Canada did not name a National Bird during it's bicentennial in 2017. It is a nation without a National Bird, still. Canadian Geographic lead a valiant charge to encourage the Canadian government to be the government to accomplish this marker, but the Trudeau government chose to ignore it instead.
It's about time Canada!
And hopefully Canada's parliamentarians will accept the Gray Jay as Canada's National Bird when Canadian Geographic puts it forward to be named the national bird in 2017 as it will be Canada's 150th Anniversary. But alas, they did not. Which government will get it done?
I voted for the Common Loon, because it is found in every province and territory of Canada. It is a Canadian icon already.
Its image is on the one dollar coin, named appropriately the "loonie"
Most important for me, It is part of my loved experience as a canoeist, hearing the call of the Loon carried over the lakes on a misty morning.
Memories of seeing this stately and attractive water bird which has been such a cherished part of my life, I could not ignore.
Then, I listened to David M. Bird, Ph.D., Emeritus Professor of Wildlife Biology from McGill University speaking about the merits of the Gray Jay and why it would make the perfect Canadian National Bird.
I was persuaded and convinced, this was the best and only choice for Canada's National Bird!
It was too late at that point to change my vote but I am delighted with the winner and a big supporter.
Some people were upset that some of the other more popular birds from the five finalists, Common Loon, Canada Goose, Snowy Owl and Black-capped Chickadee were not chosen. Some people think they are better known and already represent Canada in some way.
But all of these birds are already a provincial bird or represented on coins and in other such ways.
And I agree they are better known, but that is not necessarily a good reason for any of them to be named as Canada's National Bird.
There is a quest by some people to have the name of the Gray Jay changed now that Canadians have chosen it to be their National bird.
Some would like to see it spelled "Grey Jay" after the British spelling of the colour grey. "Gray Jay" as it is spelt now with an "a" is an American spelling.
In 1957, the American Ornithologists’ Union decided that, the species should be called “gray jay”, at least for scientific literature and field guides. (The AOU based this spelling on a nomenclatural system, which they no longer strictly or solely adhere to, but have other criterion that is considered as well.)
For me, I like the look of the spelling as "Gray Jay".
My Grandparents on my Mom's side were from England, but my love of Florida and my family's 30 year history of traveling to this state as a location for winter interlude is very strong too.
Canada has stronger ties as a nation financially, and culturally, with the US than with Britain.
And a very significant factor that I think most Canadians forget is we would not enjoy our life style and national security we do, if we did not live next door to this particular large neighbour.
For me, I am happy with "Gray Jay". :)
Others think it would be more suited to Canadian style being called the "Whisky Jack", implying that whiskey is the alcoholic beverage of choice in Canada.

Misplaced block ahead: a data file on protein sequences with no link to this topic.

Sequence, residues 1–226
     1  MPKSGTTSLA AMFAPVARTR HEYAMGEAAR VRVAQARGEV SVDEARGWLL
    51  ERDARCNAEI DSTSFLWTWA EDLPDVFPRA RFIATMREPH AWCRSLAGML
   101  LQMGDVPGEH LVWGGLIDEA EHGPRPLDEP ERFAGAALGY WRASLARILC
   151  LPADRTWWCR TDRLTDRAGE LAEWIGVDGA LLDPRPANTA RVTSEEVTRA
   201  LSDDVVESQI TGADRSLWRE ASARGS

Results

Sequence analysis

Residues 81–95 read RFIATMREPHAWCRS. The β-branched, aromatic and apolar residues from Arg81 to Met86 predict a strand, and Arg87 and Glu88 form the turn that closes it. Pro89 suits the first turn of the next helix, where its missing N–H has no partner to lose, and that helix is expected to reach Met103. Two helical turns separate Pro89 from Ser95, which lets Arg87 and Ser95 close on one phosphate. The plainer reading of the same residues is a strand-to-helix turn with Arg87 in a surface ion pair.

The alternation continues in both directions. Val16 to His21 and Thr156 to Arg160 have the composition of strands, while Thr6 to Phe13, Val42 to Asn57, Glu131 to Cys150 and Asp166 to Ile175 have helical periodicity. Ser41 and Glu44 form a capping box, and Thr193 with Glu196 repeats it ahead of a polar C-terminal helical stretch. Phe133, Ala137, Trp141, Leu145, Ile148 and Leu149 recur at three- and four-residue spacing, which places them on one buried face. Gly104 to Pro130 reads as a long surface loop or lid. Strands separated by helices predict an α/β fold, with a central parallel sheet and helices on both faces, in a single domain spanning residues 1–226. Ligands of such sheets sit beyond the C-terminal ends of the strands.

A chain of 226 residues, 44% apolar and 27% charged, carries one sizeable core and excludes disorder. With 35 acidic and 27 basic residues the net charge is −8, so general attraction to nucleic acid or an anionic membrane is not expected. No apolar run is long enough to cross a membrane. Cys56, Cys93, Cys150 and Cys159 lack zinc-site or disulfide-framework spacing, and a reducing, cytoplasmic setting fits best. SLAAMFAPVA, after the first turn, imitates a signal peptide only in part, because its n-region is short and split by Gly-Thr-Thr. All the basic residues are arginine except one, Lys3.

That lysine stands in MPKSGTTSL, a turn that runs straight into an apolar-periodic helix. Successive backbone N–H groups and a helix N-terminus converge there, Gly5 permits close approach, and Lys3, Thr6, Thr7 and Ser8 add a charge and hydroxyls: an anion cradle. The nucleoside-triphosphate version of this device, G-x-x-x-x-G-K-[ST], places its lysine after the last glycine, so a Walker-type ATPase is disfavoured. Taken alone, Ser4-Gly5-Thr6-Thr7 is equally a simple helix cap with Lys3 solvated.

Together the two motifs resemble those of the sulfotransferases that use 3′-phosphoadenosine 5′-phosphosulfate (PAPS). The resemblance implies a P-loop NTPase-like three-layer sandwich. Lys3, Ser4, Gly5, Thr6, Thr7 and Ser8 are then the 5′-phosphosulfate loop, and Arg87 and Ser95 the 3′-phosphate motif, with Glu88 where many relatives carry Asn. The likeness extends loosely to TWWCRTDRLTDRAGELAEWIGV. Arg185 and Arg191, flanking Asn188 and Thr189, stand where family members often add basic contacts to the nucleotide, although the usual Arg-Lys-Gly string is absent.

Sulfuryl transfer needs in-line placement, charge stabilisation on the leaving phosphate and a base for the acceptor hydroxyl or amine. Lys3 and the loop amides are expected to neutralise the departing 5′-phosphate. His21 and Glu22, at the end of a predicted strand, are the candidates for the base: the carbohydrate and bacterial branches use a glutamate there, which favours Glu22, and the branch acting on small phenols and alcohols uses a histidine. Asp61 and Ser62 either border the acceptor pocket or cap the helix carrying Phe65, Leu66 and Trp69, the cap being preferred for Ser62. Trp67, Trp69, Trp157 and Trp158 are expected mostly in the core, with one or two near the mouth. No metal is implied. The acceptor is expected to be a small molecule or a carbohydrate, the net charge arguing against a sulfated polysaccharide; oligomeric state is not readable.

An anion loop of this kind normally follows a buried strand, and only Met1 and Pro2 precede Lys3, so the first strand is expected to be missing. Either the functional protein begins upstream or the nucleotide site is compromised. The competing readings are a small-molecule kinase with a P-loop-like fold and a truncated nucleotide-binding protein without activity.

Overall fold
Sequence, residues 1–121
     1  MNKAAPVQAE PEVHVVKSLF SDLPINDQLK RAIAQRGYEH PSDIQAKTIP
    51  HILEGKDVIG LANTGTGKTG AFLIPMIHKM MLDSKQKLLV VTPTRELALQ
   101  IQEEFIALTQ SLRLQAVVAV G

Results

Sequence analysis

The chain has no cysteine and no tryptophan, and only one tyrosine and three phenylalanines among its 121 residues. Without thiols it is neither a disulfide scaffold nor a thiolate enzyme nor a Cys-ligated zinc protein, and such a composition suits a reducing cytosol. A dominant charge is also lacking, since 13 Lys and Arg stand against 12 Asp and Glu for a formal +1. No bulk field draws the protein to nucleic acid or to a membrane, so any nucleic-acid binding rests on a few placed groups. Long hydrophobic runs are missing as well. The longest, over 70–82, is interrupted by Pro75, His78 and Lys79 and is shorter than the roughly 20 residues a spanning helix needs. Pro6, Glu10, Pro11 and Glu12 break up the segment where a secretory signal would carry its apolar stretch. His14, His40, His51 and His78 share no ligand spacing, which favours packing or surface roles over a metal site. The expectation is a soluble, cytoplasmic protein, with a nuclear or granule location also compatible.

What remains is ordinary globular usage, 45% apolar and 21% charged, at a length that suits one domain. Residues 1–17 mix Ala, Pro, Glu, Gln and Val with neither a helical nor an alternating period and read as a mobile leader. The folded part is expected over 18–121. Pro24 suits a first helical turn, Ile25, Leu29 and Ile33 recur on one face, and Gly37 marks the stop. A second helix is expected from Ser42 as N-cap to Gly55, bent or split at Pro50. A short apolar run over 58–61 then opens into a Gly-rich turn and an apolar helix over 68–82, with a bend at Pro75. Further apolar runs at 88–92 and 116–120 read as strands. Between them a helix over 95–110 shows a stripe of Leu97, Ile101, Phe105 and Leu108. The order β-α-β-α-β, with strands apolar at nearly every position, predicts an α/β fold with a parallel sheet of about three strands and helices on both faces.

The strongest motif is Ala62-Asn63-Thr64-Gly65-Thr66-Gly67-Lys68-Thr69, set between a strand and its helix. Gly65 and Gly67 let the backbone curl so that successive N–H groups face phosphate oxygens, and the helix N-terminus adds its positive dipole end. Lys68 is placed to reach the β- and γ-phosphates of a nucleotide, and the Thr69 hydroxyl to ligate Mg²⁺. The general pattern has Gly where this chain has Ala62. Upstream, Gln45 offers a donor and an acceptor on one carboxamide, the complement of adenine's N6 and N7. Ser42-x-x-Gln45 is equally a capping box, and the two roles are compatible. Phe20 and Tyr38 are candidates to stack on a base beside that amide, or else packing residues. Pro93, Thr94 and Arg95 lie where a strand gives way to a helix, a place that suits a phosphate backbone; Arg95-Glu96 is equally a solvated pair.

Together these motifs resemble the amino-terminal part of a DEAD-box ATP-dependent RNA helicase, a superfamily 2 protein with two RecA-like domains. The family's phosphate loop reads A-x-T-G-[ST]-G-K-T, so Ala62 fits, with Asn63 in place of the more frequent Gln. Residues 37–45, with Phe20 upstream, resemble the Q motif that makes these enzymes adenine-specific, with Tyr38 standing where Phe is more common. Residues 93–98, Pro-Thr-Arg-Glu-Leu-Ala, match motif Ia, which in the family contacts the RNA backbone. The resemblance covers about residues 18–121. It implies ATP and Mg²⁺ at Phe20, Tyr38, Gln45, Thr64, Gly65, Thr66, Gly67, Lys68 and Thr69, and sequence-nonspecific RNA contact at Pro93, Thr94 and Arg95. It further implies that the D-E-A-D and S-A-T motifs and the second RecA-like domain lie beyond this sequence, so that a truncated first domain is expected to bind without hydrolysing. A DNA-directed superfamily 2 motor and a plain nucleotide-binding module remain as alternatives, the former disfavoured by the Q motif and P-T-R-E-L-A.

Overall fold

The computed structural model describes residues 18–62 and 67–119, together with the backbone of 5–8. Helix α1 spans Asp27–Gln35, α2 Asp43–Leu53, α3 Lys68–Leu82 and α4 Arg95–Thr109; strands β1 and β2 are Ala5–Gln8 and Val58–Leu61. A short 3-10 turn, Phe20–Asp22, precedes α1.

Although in my experience beer not whiskey is more the drink being ordered in Canadian Pubs, but many wine drinkers would have their objections too!
But which spelling would be chosen? Whisky is a Canadian spelling and Whiskey is American.
The website mensjournal.com quotes David Broom, author of The World Atlas of Whisky.
He says in his book, history has it that Whisky without the "e" is the Scottish spelling originating from Gaelic for "water of life". It is spelled this way most popularly around the world including Japan, Scotland and Canada.
Ireland and the United States use the spelling "Whiskey".
There we go again. ;)
In my opinion I could be persuaded to change the name to some spelling that would be closer to "Wisakedjak".
This is an aboriginal name given by the Cree for their mythological figure "wihsakecahkw", who was known for being benign, fun-loving and cheerful.
The natives saw the Gray Jay as possessing these same character qualities.
This is actually how calling this Jay "Whiskey Jack" came about. It originally had nothing to do with the alcoholic beverage.
"Wisakedjak" or "wihsakecahkw" over time became "Whiskey Jack".
If you have ever sat with a group of people and passed a whispered story around the circle you will have experienced how the last person telling it will have a completely different tale to tell than the first person who told it!
This is the most likely concept of how the name was bastardized over time.
Or perhaps the lumberjacks just had this drink on their minds and "Whiskey Jack" was easier for them to pronounce.
Then there are those who would like to see the Gray Jay's name changed to "Canada Jay". But, in my opinion I feel no bird should be named after a country. Sorry. But that's how I feel.
Wildlife is not bound by borders and when enjoying and studying wildlife, country borders have no place in my opinion.
See information on Migration Flyways.
I know I am not alone in thinking this way either. Perhaps not in naming birds but when it comes to studying.
The Cornell Lab of Ornithology and Bird Studies Canada know this too. They colaborate on a few projects, recognizing that birdlife cannot be fully studied within the confines of human defined borders.
This is just my take on this great project that the Canadian Geographic took on. Let's be thankful that somebody took it upon themselves to get this done!
Learn all about this wonderful, intriguing wild bird, The Gray Jay.
Thanks Canadian Geographic!
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